In the 1880s, a decent fella and great journalist named Phineas "Mitch" Mitchell (Gene Evans) is fired from his job at The Star, not that he minds very much, since The Star has become indulgent and worthless ever since being taken over by the daughter of the old publisher, a tough businesswoman named Charity Hackett (Mary Welch), who is noted with some disgust to lack ink in her veins. Fate smiles upon a just man, for once in Fuller's universe, and so Mitch is put in charge of a fledgling one-sheet tabloid he christens The Globe. By the end of his first day as publisher and editor, he's created something that all of the old guard recognises as the truly great paper of the age, that Hackett recognises as the most deadly rival she's ever faced, and the stage is set for a good old-fashioned newspaper war.

There's something undeniably hokey about all of this, but is the kind of hokey you'd never dare to call cheesy, any more than you'd laugh in the face of a really burly, muscled guy who tears up listening to "Proud to Be an American" in a bar. Samuel Fuller believes in everything he puts onscreen, both in the details of the story and the way he puts it together. Park Row is full of arresting imagery, some of it quite easy to love, such as the ludicrously sinuous camera movements that are so prevalent, and so exquisitely done, considering the brevity of the shoot, that Fuller thought it right to give Carl Gibson a special credit as "camera movements". And some of it a bit more peculiar, though still quintessentially Fuller: at one point, Mitch beats a man's head in - don't worry, he was No True Newspaper Man - against the base of the Park Row statue of Benjamin Franklin. A campy moment? Sure, if you're a soulless post-modernist; but Fuller absolutely and completely believes in this image, and through his belief, we believe, just as surely as when he opens the film with a list of 1,772 American newspapers, before dedicating his film (in gigantic black type) to American journalism.

That, in brief, is the mentality guiding Park Row: Sam Fuller's certainty that American journalism was something that could be memorialised in a movie, something that he could memorialise in this movie in particular. And dammit, but he went right out and memorialised it, in a glowing tribute that nobody else could ever have made; a tribute not to newspapers as they were in the 1880s, nor as they were in 1952, and certainly not as they are or might ever be again in 2009. No, Park Row is a tribute to what newspapers should always strive to be.

I'd like to argue that it serves as a double time capsule: a snapshot of what 1882 looked like from the vantage point of 1952. But Park Row is by no means a musty old B-movie suitable only for scholars and enthusiasts. It's fresh and vibrant in a way that few movies are fresh out of the box, let alone nearly 60 years after its creation. There's too much wild-eyed crazy genius stuff going on to wrap the film up in a neat little box marked "the early '50s"; though Fuller was always at the far edge of what polite people might be able to do with studio money at the time (along with Nicholas Ray, but that's a conversation for another time), even he never regularly dabbled in material as flat-out loopy as this. There are small things, like the villainous Charity Hackett, and her redemption; despite what one might expect from a film of this vintage, there's never a whisper of suggestion that her failings as a publisher or human being have anything whatsoever to do with her being female; if that matters at all, it's only so Fuller can toss in some sexual tension between her and Mitch. But that's a fairly simple issue, compared to some of the film's most outrageous quirks: the dream sequence that never clearly identifies itself as a dream, and is even less clear about who's dreaming it; the constant camera movements up and down and sideways and all over the place (I honestly think that there might not even be a dozen shots to lack any movement whatever), the way that the film keeps losing track of its plot - Is it about the battle between publishers? About the Statue of Liberty? About a man's ambition? Or just about the whole quilt that is newspaper publishing (it's this one)? - and everything else about it that functions less as a movie and more as a filmed chunk of Samuel Fuller's id.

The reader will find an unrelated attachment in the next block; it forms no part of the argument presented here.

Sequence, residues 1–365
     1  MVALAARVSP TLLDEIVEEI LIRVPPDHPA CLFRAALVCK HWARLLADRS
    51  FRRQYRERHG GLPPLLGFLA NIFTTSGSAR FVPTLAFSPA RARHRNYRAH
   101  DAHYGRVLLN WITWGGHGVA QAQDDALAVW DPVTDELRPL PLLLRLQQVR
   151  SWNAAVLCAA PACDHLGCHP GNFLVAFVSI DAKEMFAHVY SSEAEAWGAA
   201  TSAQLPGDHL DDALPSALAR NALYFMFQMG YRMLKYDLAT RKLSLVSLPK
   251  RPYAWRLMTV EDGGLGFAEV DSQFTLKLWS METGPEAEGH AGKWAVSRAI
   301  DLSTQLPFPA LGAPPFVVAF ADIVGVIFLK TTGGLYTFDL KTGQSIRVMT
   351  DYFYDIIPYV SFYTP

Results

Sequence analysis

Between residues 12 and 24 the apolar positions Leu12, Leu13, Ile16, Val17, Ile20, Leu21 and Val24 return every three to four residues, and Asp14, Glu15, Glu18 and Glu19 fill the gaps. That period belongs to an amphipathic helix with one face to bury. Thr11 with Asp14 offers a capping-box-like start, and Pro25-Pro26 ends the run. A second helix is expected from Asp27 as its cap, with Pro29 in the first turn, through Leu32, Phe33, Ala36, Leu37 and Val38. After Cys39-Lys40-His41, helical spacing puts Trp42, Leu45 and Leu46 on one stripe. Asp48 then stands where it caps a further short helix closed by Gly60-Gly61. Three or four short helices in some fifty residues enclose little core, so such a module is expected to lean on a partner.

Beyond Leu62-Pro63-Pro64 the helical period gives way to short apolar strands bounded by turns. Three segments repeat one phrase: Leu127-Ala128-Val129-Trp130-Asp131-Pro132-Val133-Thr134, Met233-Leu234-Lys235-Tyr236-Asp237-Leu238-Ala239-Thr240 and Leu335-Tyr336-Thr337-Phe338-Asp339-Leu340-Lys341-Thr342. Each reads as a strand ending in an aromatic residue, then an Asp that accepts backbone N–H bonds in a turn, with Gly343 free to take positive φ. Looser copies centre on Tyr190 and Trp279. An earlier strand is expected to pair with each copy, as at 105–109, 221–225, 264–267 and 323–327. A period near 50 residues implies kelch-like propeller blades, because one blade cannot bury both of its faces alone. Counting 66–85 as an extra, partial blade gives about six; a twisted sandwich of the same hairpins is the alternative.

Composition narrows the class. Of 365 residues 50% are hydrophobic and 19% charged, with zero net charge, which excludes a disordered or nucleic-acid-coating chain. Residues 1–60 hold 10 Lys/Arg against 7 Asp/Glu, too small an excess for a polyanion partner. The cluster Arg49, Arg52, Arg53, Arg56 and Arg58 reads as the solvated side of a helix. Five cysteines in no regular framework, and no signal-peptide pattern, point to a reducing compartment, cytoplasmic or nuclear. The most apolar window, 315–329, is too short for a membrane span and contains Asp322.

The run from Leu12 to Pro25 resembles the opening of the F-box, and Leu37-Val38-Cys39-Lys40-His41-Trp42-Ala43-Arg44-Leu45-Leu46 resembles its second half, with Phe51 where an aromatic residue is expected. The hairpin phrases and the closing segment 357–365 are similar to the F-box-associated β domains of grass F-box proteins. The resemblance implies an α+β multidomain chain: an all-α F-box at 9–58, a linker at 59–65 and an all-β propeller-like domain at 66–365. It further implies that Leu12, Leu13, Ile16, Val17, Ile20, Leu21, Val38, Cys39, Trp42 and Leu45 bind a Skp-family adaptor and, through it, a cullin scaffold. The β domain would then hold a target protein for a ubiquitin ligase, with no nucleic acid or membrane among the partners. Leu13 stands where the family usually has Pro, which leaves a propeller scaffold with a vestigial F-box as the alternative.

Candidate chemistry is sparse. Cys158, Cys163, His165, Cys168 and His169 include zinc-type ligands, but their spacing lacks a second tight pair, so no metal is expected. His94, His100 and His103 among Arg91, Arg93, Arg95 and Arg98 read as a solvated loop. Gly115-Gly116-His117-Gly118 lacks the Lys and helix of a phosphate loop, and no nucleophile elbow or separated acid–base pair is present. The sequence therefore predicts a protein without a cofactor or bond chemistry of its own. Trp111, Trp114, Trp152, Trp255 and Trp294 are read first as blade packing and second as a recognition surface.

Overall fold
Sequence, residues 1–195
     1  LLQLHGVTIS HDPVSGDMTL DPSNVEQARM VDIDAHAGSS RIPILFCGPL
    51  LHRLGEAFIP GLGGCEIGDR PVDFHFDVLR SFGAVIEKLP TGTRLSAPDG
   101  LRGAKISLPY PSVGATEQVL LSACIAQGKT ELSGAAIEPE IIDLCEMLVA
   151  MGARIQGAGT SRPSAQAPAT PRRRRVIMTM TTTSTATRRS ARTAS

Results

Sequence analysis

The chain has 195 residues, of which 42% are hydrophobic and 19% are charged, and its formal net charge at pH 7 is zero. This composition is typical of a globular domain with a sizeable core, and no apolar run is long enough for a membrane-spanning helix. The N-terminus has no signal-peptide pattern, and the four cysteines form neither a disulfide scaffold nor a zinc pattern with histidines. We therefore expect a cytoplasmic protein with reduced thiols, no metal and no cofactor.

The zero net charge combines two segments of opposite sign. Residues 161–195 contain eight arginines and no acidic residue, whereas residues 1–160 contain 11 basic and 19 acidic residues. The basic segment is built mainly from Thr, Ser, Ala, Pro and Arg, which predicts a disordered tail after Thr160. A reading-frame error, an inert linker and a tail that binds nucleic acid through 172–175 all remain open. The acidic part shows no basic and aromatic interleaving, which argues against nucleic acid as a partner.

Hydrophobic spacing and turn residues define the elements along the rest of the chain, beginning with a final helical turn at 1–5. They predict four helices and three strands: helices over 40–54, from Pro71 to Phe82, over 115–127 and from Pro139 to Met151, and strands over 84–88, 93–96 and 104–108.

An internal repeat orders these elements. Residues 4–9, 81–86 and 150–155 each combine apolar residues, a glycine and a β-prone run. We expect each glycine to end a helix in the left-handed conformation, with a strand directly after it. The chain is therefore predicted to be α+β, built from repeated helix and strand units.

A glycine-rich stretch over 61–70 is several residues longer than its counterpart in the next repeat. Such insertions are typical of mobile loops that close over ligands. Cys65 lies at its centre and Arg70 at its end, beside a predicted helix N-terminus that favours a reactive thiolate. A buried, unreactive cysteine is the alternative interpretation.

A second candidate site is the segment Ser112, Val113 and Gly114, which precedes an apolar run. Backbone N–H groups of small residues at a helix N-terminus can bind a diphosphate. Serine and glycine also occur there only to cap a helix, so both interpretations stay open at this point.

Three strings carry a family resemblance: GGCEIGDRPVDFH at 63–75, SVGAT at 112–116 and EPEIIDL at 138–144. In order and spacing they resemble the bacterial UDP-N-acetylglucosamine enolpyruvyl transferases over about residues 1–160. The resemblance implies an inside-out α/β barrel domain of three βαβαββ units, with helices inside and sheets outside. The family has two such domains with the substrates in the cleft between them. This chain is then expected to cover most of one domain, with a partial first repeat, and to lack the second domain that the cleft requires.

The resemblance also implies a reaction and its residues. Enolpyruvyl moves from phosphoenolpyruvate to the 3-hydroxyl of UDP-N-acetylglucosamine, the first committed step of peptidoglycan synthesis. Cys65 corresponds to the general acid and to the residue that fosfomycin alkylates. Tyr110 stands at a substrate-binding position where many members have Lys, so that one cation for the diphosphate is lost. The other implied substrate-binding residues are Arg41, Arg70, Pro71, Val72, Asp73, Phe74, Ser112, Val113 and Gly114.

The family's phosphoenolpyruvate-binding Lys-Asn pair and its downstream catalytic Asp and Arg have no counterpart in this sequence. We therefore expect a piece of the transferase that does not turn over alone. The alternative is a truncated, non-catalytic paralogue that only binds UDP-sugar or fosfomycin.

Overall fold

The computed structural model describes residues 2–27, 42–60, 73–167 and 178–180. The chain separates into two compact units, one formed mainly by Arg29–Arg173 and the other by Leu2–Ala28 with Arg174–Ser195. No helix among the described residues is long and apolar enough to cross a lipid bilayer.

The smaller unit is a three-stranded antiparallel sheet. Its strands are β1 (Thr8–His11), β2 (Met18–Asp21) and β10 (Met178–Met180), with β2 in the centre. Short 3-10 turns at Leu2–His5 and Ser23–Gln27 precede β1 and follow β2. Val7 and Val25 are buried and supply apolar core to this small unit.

I cannot possibly speak highly enough about this film, which unforgivably lacks a DVD release at this time, and so seeing it is as much about luck and timing as choice. But if you have the chance, for God's sake take it. It is a miracle: the most outstandingly idealistic film ever made by a professional curmudgeon, it's as pie-eyed and optimistic, and tough as nails at the same time, as any movie you could ever hope to see. This is the kind of film that makes you fall in love with cinema.